Many Christians have a basic desire to live a holy life, but have come to believe they simply cannot do it. They have struggled for years with particular sins or deficiencies of character. While not living in gross sin, they have more or less given up ever attaining a life of holiness and have settled down to a life of moral mediocrity with which neither they nor God are pleased. The promise of Romans 6:6–7 seems impossibly beyond them. The strong commands of Scripture to live a consistently holy life only frustrate them.
Many have sought to live a holy life by their own willpower; others have sought it solely by faith. Many have agonized in prayer over particular sins, seemingly without success. Scores of books have been written to help us discover the “secret” of the “victorious life.”
In our search for answers to our sin problems, a troublesome question arises: “What should I look to God for and what am I responsible for myself?” Many are confused at this point. When we first start to live the Christian life, we confidently assume we will simply discover from the Bible what God wants us to do and start doing it. We fail to reckon with our tendency to cling to our old sinful ways.
After experiencing a great deal of failure with our sinful nature, we are told that we have been trying to live the Christian life in the energy of the flesh. We need to “stop trying and start trusting,” or to “let go and let God.” We are told that if we just turn our sin problem over to Christ and rest in His finished work on Calvary, He will then live His life in us and we will experience a life of victory over sin.
Having experienced failure and frustration with our sin problem, we are delighted to be told that God has already done it all and that we only need to rest in Christ’s finished work. After struggling with our sins to the point of despair, this new idea is like a life preserver to a drowning man, almost like hearing the Gospel for the first time.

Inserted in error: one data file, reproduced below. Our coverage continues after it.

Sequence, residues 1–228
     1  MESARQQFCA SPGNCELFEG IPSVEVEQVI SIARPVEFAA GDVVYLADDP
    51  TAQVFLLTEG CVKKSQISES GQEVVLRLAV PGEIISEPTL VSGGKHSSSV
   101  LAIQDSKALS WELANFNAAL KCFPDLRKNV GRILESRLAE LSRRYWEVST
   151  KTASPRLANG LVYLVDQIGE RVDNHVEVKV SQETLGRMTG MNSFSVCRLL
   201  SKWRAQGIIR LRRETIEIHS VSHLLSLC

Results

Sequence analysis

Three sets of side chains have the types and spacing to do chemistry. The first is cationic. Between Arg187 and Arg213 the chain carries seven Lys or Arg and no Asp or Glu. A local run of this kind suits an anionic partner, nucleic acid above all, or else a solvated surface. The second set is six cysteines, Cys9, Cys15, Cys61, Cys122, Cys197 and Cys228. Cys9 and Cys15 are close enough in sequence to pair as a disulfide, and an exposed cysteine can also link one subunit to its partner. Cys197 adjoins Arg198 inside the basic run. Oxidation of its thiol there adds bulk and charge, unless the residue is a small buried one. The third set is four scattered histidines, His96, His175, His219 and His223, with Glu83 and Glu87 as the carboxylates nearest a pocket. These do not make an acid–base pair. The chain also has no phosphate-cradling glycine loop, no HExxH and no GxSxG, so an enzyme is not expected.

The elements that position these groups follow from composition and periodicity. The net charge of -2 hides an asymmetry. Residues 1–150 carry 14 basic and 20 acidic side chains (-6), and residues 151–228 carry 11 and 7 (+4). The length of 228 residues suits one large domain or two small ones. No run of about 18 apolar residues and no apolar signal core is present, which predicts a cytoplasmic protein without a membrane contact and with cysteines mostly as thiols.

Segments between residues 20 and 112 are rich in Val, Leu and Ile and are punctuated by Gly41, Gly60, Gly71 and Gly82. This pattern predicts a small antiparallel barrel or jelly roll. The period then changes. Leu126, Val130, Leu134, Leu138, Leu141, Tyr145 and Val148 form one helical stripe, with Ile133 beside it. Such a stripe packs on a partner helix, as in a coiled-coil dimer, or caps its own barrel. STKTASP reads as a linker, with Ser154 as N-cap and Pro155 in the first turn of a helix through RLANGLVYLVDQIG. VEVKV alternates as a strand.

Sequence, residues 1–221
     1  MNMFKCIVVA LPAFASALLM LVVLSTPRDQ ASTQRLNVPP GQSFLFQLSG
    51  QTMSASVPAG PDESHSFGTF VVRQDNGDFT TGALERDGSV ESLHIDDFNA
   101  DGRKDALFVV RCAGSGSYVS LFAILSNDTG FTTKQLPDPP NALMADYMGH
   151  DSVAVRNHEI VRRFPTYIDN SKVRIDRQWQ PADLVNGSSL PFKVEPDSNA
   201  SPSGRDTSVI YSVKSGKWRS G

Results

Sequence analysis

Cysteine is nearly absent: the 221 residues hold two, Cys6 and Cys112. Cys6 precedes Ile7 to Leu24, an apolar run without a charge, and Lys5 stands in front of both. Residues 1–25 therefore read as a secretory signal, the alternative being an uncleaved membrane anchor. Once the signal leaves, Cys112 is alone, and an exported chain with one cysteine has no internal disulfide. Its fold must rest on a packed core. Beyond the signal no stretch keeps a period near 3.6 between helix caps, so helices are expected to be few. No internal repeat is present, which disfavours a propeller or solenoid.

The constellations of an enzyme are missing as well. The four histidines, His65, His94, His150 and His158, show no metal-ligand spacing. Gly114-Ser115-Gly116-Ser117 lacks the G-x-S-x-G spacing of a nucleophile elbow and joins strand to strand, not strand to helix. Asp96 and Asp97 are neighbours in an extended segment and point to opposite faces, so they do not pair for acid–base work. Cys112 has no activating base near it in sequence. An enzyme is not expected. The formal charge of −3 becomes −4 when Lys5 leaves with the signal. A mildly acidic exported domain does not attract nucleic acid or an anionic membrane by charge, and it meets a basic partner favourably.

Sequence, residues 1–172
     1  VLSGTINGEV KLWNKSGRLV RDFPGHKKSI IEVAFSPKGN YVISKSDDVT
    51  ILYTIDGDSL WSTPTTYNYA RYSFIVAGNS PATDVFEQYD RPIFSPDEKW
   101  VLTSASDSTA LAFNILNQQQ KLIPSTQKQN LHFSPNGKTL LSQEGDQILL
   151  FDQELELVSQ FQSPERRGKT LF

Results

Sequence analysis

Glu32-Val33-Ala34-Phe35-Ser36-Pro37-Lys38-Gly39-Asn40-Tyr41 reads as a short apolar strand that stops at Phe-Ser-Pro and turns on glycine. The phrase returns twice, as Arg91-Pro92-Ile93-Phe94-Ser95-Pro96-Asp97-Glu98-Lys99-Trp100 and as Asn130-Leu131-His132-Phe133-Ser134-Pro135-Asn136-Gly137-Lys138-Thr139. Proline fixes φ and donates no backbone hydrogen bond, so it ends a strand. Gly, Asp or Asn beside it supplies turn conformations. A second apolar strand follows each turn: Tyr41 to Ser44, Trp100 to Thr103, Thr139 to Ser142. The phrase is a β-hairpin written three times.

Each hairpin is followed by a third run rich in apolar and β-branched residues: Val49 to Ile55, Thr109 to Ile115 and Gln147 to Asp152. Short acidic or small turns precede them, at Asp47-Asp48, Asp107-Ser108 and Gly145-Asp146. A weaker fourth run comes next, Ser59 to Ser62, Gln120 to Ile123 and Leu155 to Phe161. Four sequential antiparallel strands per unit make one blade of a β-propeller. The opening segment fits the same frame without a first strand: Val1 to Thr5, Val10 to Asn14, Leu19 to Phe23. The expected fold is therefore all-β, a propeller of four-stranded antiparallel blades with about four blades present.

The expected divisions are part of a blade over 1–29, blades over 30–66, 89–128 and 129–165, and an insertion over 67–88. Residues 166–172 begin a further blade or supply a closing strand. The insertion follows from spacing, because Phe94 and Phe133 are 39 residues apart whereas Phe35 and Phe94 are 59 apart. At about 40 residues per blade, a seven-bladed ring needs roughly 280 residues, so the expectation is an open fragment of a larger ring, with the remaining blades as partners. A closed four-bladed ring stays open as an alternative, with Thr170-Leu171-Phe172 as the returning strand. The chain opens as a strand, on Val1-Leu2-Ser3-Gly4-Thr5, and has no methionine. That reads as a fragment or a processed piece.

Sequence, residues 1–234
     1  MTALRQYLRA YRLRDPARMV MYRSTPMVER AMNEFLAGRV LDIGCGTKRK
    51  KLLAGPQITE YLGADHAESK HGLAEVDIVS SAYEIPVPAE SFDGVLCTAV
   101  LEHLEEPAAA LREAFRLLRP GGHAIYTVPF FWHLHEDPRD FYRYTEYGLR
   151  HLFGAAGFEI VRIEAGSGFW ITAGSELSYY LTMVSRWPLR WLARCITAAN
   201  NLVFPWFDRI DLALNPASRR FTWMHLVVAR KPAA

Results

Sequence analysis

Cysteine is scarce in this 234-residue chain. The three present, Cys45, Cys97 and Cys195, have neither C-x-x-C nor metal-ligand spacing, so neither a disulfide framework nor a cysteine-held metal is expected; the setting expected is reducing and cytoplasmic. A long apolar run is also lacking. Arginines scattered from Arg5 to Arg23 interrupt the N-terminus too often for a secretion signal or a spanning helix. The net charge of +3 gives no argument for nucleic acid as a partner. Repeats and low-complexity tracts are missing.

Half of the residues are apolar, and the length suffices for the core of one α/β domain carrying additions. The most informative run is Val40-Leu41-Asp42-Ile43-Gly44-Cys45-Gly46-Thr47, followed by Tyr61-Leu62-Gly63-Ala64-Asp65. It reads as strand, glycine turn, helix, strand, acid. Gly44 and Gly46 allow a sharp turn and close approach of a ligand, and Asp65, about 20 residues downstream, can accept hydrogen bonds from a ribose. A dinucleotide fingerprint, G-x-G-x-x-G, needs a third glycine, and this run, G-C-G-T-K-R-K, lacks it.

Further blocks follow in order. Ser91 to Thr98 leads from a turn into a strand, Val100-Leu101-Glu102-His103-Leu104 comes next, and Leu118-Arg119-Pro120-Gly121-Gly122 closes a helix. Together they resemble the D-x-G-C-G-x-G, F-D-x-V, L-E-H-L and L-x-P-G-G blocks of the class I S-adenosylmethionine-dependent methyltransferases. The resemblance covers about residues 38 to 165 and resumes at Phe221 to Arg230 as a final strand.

But after a while, if we are truly honest with ourselves, we discover we are still experiencing defeat at the hands of our sinful natures. The victory seemingly promised us still eludes us. We still struggle with pride, jealousy, materialism, impatience, and lust. We still eat too much, waste our time, criticize each other, shade the truth just a little, and indulge in a dozen other sins, all the time hating ourselves for doing them.
Then we wonder what is wrong. “Why can’t I,” we ask ourselves, “experience the victory described in all the books that others seem to have experienced?” We begin to feel that something is uniquely wrong with us, that somehow our sinful natures must be worse than others. Then we begin to despair.
Years ago a fellow Christian warned me that Satan would try to confuse us on the issue of what God has done for us and what we must do ourselves. I have come to see the insight he had in making that statement. Lack of understanding on that issue has led to great confusion in our pursuit of holiness. It is very important that we make this distinction; for God has indeed made provision for us to live a holy life, but He also has given us definite responsibilities.